I found running in September of 2010.
After a series of events and life changes, I was struggling. I wasn’t depressed—but I wasn’t happy either. Just existing in the day-to-day, floating from one moment to the next.
A video about a guy named Ben was sent around to the TWLOHA staff that September. This video showed Ben using running to combat his depression and achieve happiness. I was fascinated. His story—simple, honest, and real—moved me. He had used running to build confidence, get in shape, and ultimately discover the joy he was missing in his life. His story inspired me. I laced up my tennis shoes and hit the running trail by my house.
Less than a mile into my grand adventure, I was sitting on a log, crying. Running was hard. Running was not what I expected.
But I didn’t give up. Each day I found myself setting a new running goal.
“Make it to that stop sign.”
“Make it to that tree.”
“Make it to the next corner.”
Each step aligned with a desire of my heart. Each new milestone I reached encouraged me to keep going, to keep trying. I started tracking my progress in a journal, and each day I saw more self-affirmation, wrote words I never thought I would say.
“I RAN half a mile! WooOooOoo!”
“I’m so proud of myself.”
“I can’t believe the things I can do.”
“I feel amazing!”
I found a new hobby. I found happiness. I found purpose. I found life.
For these reasons, I decided to plan the Run For It 5K. Many of my co-workers from the TWLOHA staff have watched my journey from my first 5K to my first half marathon (Who would have thought I’d run 13.1 miles for fun?). They knew how important this sport was to me. They saw how it affected me and how my life had changed with this simple addition to my routine.
Research has also shown that exercise has a positive impact on those struggling with mental health issues. The effects of exercise can aid in the alleviation of long-term depression by enhancing the action of endorphins. Psychologically, exercise can act as a mood enhancer by providing meaningful activity and a sense of accomplishment to someone who is struggling with depression and anxiety.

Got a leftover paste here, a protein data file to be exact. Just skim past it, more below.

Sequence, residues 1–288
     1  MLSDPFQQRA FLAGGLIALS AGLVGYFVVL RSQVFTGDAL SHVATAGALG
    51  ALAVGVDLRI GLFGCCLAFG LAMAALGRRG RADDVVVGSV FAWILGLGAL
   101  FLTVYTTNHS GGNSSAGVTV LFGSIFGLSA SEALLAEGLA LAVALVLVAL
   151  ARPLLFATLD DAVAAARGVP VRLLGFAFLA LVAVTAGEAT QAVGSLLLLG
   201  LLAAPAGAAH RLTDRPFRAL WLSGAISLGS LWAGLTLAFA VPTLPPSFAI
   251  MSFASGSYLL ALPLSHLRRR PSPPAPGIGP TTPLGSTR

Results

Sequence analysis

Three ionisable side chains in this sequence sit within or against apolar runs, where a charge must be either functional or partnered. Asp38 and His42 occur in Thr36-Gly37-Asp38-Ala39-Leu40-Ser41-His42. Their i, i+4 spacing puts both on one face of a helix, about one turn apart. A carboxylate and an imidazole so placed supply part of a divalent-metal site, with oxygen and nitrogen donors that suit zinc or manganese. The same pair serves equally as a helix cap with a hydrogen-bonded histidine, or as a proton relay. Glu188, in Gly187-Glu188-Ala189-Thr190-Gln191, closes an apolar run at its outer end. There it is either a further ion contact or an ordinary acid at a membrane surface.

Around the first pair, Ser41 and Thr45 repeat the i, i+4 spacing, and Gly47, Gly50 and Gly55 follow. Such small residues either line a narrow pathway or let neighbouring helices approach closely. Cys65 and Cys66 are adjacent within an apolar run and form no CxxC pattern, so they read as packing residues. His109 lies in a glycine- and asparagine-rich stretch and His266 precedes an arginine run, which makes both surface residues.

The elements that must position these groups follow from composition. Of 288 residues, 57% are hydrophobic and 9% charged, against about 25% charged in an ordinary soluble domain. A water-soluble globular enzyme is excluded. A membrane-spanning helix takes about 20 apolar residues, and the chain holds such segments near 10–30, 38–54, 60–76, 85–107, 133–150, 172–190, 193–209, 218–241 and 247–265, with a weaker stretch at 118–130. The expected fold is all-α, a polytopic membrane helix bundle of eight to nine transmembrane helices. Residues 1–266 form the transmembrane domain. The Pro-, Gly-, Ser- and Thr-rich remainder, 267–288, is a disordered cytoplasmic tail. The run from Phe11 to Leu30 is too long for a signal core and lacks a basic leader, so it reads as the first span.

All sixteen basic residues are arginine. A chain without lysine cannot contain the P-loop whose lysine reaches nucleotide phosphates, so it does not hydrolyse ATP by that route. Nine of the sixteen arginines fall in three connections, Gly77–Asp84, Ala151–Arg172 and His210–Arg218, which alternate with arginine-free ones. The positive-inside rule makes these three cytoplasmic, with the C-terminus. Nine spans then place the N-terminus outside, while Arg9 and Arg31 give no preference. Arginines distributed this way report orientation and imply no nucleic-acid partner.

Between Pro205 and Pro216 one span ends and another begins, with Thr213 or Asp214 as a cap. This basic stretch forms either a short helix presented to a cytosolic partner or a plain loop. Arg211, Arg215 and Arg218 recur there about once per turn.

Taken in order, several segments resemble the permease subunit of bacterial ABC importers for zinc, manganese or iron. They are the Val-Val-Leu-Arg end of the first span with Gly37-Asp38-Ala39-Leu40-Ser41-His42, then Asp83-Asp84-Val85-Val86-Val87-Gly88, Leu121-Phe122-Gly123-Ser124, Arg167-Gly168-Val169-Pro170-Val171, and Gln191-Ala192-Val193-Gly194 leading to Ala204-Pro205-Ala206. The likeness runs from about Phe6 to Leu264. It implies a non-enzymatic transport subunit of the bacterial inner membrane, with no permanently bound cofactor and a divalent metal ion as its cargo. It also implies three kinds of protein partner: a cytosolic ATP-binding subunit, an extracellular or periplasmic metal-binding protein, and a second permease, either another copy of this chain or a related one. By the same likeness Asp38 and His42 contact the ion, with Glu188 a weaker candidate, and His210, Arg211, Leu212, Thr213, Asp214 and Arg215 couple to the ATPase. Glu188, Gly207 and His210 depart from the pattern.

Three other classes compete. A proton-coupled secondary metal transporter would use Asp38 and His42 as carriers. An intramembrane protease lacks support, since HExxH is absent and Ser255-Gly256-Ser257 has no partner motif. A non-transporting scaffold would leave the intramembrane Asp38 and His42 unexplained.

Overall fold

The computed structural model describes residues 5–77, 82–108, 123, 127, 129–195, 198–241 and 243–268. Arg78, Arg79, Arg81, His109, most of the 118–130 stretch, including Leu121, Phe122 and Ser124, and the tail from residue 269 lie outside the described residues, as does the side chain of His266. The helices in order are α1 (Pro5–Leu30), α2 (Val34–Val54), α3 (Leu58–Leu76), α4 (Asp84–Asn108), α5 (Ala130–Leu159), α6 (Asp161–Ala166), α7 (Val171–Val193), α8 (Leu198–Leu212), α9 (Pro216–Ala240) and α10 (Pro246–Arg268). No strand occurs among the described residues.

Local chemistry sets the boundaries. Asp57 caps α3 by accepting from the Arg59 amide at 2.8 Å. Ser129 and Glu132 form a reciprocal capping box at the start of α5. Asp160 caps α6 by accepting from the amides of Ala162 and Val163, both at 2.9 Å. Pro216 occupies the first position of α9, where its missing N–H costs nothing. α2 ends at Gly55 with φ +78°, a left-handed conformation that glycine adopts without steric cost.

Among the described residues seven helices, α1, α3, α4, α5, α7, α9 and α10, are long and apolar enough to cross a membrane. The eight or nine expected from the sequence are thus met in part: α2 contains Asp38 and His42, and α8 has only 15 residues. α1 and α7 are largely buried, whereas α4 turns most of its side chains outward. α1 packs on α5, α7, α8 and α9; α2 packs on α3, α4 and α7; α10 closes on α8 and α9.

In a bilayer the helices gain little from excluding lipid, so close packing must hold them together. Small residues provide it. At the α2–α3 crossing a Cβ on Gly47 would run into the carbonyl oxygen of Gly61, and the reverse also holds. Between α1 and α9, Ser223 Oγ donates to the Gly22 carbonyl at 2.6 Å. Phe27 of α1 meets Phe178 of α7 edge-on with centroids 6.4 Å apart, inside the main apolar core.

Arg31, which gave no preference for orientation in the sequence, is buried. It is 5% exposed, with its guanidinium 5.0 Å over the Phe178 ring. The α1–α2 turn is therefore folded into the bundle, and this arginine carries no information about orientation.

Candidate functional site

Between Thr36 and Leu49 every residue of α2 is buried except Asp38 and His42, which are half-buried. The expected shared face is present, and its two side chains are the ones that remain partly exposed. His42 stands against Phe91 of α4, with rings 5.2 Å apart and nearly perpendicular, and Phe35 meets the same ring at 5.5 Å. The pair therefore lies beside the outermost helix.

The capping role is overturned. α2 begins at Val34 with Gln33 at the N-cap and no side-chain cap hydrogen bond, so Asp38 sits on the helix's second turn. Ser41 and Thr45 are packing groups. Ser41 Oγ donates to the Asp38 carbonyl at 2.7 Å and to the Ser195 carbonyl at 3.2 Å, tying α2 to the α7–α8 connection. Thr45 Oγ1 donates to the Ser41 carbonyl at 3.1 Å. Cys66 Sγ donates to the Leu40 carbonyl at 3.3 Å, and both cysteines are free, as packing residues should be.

And that’s what this race was all about: inviting our community to take an active role in their lives, their recovery, and their health. We asked people to share why they ran and what they would be running for. The response we received was incredible:
“To let others know it’s going to be OK.”
“For the possibility of recovery.”
“For health and fitness and fun.”
“In remembrance of someone I’ve lost.”
“For joy and happiness.”
Nearly 600 runners signed up to join us in Satellite Beach, FL on April 20, 2013. We were met by members of the local running community, long-time supporters, friends, family, and even some folks all the way from Boston, MA, Little Rock, AR, and Fayetteville, TN. We saw an outpouring of generosity through donations, sponsorships, volunteers, and general support.
As the Race Director, my heart was overwhelmed as two of the things I love most came together in a very special way. Many of our staff ran their first 5K that day (and we learned some of them are FAST). Others on staff were also inspired by the people who stopped by our booths to share why they were there, and many of us could be found cheering as runners crossed the finish line. We all came together, in our own way, to run for it.
Even if you weren’t able to make it to the Run For It 5K here in Florida, I still encourage you to run. Run for yourself. Run for hope, and love, and recovery. Run for inspiration and run for purpose. Run to find yourself and run for fun. Take a step toward healing, a step toward growth.
You are worth each step.